3. Writing is the gateway drug to creating 🖼
  4. Putting something out into the world in a semi-permanent fashion is scary and vulnerable. Unlike a physical product or company, writing is lower stakes. Getting used to the feeling of shipping anything consistently, helps normalize receiving positive and negative feedback to a point where it begins to not matter - you just enjoy creating for its own sake. The spirit of shipping this newsletter has encouraged me to subsequently ship other fun side projects like FlowBox and Subtle Asian Food.
  5. Writing for myself is the #1 way I've been able to stay consistent 👩🏻
  6. I think on everyone’s journey, you come to a fork in the road where you can either write for others or write for yourself. I’ve always oriented towards the latter. And of course, ideally you can do both. The strongest way to stick to a habit in my opinion, is to do what feels good. Throughout the iterations of this newsletter, I've edited out parts of the newsletter that no longer sparked joy, and double downed on the parts that did. Keeping this publication free also enables me to hone in on my genuine voice and interests.
  7. Remember, you are both the creator and the audience of your own work. You must make the things that you’d want to engage with yourself.
  8. If you find yourself dreading an upcoming writing deadline, skip it or change the cadence of your writing to be more infrequent ⌛️
  9. Writing should be fun. A reprieve and safe space for you to process and play with new ideas you’re musing. You can’t force creativity and revelations on-demand. I’ve seen many newsletter writers who publish only when they have something to say. I’ve also seen newsletter writers publish 2-3x a week. For me, I fall somewhere in between. I need the bi-weekly cadence to push me to write, but it also leaves enough time for ideas to bake. And that’s exactly what I did. I moved Wellness Wisdom to bi-weekly and launched a bi-weekly art newsletter called Amor Fati to fill the time.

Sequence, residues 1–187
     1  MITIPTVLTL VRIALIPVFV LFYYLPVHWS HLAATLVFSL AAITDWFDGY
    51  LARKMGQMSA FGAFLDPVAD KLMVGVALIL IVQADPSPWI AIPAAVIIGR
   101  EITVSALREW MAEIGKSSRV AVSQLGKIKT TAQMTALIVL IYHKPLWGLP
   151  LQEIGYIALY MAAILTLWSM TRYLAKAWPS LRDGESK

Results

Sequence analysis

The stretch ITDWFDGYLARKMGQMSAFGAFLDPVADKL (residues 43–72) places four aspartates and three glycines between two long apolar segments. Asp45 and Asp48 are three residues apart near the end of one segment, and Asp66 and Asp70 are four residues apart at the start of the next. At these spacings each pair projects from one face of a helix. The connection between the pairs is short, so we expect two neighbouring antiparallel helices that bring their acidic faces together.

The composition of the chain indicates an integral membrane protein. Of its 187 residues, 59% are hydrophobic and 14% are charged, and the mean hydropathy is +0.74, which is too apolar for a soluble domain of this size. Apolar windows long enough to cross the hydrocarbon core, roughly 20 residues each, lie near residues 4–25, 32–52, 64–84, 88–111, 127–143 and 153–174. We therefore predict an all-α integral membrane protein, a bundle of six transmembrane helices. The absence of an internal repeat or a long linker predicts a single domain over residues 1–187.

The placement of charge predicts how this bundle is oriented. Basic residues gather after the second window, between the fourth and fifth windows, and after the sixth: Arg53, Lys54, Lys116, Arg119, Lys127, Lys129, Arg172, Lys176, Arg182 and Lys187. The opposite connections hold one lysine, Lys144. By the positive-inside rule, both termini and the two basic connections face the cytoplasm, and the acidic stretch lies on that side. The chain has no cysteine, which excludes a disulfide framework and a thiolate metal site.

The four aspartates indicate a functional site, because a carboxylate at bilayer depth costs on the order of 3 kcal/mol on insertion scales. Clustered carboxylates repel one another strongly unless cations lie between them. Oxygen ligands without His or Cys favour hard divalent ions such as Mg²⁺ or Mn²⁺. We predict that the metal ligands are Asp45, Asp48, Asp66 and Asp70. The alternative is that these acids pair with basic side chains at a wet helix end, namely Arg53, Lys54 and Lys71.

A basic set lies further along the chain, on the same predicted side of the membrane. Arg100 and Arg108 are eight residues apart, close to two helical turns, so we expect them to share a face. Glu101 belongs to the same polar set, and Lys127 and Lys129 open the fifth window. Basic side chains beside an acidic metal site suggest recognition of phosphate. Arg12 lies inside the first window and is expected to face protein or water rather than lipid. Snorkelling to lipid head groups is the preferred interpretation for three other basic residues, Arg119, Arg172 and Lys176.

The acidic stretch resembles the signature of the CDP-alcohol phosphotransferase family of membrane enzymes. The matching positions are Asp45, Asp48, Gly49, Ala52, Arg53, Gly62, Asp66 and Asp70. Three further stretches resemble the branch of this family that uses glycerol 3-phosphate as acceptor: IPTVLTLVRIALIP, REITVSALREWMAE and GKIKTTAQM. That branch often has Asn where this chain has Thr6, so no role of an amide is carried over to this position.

10. Taking 2 steps back, to go 3 steps forward 👣
  11. Launching Amor Fati was purely self-indulgent for me. It wasn’t meant to fortify my professional brand or increase my productivity. Quite the opposite, it forced me to slow down and exercise the right part of my brain - which often takes a backseat to the optimization-heavy nature of my routines. Immersing myself in art quickly became one of my favorite things to do. It made me feel more human. And consequently, that makes me a better writer. Taking 2 steps back to go 3 steps forward can apply to all areas in life, really.
  12. Social accountability is one of the biggest life hacks 👨‍👩‍👧‍👧
  13. Have to admit, there’s been a few times that I’ve published out of projected guilt and shame from “letting people down” if I didn’t. In reality, no one cares. But! The illusion is helpful in getting yourself to do something. And you see social accountability working super well in all applications of habit formation - AA, masterminds, weekly accountability groups, OnDeck, etc. This goes against the “write only when you have an idea” ethos. However, I’ve often found that in the course of forcing myself to sit down and write, I’m actually forcing myself to do deep thinking. Inevitably, something always comes up from this cleared space. Which leads me to..